Mesothelioma is primarily linked to asbestos exposure, as it’s the most significant risk factor for developing this type of cancer. However, there are other potential causes or risk factors that may contribute to the development of mesothelioma, although they are less common. These include:
- Radiation: Prolonged exposure to high levels of radiation, such as thorium dioxide (Thorotrast) or high-dose radiation therapy to the chest or abdomen, has been associated with an increased risk of mesothelioma.
- Zeolites: Zeolites are minerals similar to asbestos in structure and have been linked to mesothelioma in some instances. However, exposure to zeolites is considerably rarer than asbestos exposure.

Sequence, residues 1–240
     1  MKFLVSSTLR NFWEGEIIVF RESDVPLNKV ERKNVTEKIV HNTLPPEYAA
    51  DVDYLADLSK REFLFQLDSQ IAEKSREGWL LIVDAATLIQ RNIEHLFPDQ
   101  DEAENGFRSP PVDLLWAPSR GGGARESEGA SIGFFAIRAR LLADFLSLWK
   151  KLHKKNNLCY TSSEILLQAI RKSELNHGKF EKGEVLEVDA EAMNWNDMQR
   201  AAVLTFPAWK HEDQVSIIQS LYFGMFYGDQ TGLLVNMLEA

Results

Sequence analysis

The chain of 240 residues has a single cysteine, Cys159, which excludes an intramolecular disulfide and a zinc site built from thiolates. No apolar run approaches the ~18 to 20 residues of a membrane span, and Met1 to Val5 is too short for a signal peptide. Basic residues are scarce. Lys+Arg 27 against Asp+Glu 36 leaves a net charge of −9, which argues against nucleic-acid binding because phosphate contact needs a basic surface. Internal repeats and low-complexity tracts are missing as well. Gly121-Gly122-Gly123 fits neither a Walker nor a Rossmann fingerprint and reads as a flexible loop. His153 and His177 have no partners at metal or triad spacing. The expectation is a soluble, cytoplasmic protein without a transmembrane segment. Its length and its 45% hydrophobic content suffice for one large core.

- SV40 Virus: Some research has suggested a potential link between Simian Virus 40 (SV40) and mesothelioma, although the evidence is not conclusive, and further studies are needed to establish a definite connection.
- Genetic factors: There might be a genetic predisposition or susceptibility in some individuals that could increase their risk of developing mesothelioma after exposure to certain carcinogens.
It’s essential to note that while these factors have been associated with mesothelioma, the overwhelming majority of cases are directly attributed to asbestos exposure. Asbestos fibers, when inhaled or ingested, can cause irritation, inflammation, and scarring in the mesothelium (the protective lining of the body’s internal organs), leading to the development of mesothelioma over time. Avoiding exposure to asbestos remains the most effective way to prevent mesothelioma.